- Long term assignments usually two years or more. In this situation, it is more likely that assignees will be put on local terms and conditions.
The requirement for an expatriate (on a long term assignment), rather than employing a national to fill a post or handle a project, needs to be clearly identified from the start, not least for the purposes of obtaining work permits. Acceptable reasons for using an expatriate will vary from country to country but may include:
- filling a post where no local staff are qualified
- training local nationals to take over roles previously occupied by expatriates
- transferring technical expertise
- giving employees international experience in preparation for more senior roles
- providing development opportunities for employees as part of talent management and succession planning initiatives
- facilitating knowledge sharing between employees in different parts of the organisation
- creating an international corporate culture and encourage employees to develop an international mindset.
Managing the processes is a complex aspect of HR with various phases:
- Pre-assignment – the selection of a candidate and the planning involved in advance of an international move.
- Relocation – the logistics of the international move.
- On-assignment – the activities and events that occur throughout the assignment.
- End of assignment – career management, logistics and the end of assignment options.
Preparation and planning
Approaches to international assignments
Home-based – the employee remains on their home base contract of employment and their home gross base salary. The employee is tax ‘equalised’ to their home country which means that hypothetical tax is deducted from their gross salary on a monthly basis and they are paid a net figure. The company usually pays the actual tax liabilities.
Host-based – the employee moves to a host contract of employment or equivalent terms and receives a local salary which is subject to host taxes.
HQ approach – international assignees are equalised to the HQ country irrespective of their home and host locations.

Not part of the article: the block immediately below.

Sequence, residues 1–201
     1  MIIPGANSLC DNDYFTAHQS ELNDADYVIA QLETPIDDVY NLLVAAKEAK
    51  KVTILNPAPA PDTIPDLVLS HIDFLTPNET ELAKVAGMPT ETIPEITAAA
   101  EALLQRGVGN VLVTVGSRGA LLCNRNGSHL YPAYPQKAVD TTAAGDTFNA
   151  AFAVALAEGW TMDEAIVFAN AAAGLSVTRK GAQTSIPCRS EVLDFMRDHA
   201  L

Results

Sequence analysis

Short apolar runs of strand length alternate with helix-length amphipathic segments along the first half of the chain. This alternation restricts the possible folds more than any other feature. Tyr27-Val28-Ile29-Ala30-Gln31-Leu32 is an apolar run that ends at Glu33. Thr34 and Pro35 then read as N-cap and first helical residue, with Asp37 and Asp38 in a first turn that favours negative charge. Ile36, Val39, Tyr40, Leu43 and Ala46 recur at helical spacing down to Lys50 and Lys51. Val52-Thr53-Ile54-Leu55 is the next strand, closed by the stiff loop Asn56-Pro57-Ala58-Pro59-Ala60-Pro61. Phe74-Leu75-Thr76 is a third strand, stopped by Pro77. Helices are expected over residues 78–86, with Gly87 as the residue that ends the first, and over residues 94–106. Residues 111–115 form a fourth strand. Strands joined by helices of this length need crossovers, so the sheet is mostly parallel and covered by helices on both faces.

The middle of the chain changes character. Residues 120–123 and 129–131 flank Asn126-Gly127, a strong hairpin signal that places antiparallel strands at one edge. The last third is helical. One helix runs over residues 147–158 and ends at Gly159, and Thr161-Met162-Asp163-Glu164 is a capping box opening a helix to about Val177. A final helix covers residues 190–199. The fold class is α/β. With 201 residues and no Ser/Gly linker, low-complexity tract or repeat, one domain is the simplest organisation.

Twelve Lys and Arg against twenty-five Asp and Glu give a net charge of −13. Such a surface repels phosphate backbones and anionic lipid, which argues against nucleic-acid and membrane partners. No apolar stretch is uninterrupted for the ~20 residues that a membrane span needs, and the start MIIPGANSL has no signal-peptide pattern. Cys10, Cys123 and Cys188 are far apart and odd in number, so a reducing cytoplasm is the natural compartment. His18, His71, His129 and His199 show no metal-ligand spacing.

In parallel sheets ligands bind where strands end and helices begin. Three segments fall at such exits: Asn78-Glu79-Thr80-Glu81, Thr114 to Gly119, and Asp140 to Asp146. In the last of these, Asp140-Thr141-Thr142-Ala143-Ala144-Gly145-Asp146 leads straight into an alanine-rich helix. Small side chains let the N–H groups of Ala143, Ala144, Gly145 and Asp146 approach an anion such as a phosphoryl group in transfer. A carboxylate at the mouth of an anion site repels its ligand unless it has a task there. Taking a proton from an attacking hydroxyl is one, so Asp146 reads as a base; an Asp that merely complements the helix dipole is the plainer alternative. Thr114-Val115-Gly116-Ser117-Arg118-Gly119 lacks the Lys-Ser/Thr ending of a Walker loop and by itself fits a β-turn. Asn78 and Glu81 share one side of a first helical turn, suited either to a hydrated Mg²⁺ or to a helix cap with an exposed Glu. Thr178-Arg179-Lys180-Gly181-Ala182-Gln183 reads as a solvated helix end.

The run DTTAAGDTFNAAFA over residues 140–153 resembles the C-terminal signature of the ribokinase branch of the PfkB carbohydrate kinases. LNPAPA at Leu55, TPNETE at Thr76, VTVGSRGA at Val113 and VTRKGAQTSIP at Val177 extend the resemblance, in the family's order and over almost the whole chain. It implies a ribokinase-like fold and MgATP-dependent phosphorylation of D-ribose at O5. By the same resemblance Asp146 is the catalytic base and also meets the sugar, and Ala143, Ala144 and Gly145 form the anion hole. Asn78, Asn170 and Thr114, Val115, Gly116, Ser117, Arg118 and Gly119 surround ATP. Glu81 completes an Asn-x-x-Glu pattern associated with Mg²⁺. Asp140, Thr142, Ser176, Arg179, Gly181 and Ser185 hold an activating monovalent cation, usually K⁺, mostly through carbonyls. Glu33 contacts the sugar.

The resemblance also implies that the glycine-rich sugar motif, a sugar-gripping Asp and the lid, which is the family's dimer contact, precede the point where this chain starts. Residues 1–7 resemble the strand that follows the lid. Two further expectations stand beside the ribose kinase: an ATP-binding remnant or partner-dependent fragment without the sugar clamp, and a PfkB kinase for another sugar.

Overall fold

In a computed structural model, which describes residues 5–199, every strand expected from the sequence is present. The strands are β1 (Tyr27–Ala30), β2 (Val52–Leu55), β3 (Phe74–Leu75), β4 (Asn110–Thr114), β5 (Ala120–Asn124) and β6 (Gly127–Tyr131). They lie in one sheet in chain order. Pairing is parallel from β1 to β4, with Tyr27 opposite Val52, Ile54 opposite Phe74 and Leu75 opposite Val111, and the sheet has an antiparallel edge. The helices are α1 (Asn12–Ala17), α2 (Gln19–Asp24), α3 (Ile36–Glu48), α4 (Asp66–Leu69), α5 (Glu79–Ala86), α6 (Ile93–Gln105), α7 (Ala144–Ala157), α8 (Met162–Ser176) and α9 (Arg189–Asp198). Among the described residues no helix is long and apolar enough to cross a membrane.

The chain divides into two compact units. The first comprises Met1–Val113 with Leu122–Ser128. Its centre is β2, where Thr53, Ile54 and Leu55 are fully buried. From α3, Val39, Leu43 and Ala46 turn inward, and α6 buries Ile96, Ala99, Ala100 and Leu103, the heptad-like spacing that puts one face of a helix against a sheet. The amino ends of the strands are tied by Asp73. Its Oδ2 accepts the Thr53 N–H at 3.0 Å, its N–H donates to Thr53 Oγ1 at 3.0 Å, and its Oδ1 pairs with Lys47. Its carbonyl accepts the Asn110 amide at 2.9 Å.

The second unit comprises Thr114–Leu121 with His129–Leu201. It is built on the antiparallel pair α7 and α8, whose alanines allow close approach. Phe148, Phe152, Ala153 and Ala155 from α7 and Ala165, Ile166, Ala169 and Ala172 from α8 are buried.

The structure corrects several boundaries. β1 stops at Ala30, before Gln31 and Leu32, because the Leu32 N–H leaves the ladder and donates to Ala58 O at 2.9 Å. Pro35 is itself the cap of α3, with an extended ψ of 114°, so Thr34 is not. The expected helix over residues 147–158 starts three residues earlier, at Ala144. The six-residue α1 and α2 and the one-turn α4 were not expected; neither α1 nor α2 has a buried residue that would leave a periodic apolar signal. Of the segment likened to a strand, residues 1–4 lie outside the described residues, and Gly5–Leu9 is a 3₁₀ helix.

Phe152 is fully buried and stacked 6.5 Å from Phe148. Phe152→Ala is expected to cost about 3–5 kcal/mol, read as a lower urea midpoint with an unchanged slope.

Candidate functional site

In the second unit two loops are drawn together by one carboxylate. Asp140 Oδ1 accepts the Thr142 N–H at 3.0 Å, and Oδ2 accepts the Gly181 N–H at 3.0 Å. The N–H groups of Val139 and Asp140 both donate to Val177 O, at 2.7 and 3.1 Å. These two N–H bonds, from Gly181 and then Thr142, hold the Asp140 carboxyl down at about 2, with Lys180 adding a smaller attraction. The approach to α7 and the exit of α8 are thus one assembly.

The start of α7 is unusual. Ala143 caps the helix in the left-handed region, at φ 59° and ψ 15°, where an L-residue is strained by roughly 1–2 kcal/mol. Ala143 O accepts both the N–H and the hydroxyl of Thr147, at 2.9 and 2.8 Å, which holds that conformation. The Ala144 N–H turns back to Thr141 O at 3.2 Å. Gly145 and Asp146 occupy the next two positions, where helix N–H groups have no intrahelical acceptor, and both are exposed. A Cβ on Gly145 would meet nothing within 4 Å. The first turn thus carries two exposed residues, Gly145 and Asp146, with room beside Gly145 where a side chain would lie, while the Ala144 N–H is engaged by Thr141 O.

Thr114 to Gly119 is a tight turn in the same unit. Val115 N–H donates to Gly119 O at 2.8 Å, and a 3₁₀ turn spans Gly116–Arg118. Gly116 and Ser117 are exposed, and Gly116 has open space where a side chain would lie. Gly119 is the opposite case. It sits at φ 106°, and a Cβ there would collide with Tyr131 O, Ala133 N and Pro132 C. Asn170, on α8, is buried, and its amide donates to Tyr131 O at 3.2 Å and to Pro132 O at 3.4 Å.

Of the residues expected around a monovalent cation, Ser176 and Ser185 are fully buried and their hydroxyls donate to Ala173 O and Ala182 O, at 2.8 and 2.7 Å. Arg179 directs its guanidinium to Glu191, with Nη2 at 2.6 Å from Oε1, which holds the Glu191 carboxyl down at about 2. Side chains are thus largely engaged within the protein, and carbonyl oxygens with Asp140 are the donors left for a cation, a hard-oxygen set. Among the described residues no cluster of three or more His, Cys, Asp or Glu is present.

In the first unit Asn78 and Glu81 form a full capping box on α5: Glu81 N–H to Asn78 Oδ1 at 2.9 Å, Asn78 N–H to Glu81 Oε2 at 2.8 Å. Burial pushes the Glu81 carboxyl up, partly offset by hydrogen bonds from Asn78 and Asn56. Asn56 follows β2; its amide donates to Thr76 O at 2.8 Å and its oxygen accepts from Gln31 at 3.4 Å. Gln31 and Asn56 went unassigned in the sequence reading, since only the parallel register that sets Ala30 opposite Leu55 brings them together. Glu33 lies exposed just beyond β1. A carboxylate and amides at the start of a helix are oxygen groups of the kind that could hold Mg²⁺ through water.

Regional hubs – international assignees are equalised to a regional hub. It could be either the tax rate of one location within that region, or a blended average of a number of countries.
Type of international move
Once it’s decided that an international move is appropriate, the type of policy which will govern it must be agreed. The policies differ according to the assignment duration, objectives of the assignment and the anticipated career and business development possibilities following the assignment. Policy types include but are not limited to:
- Long term assignment – usually between one and five years in duration.
- Short term assignment – usually between three months and one year in duration.
- Commuter assignment – employees travel back and forth between the home and host location on a regular basis, and the assignment duration can vary.
- Permanent transfer – the employee is transferred to the host location indefinitely.
Business trips are not usually classified as international assignments. However HR needs to be wary of frequent business trips that have become ‘stealth’ assignments.
HR policies and documents
Assignment policies – the policy governs the terms and conditions and sets out the employee’s entitlement for the duration of the assignment. It should also cover selection, development and career planning for assignments and what happens at the end of an assignment.
Cost estimate – an estimation of the costs involved in an international assignment which can be used for approval for the assignment and for budgeting purposes.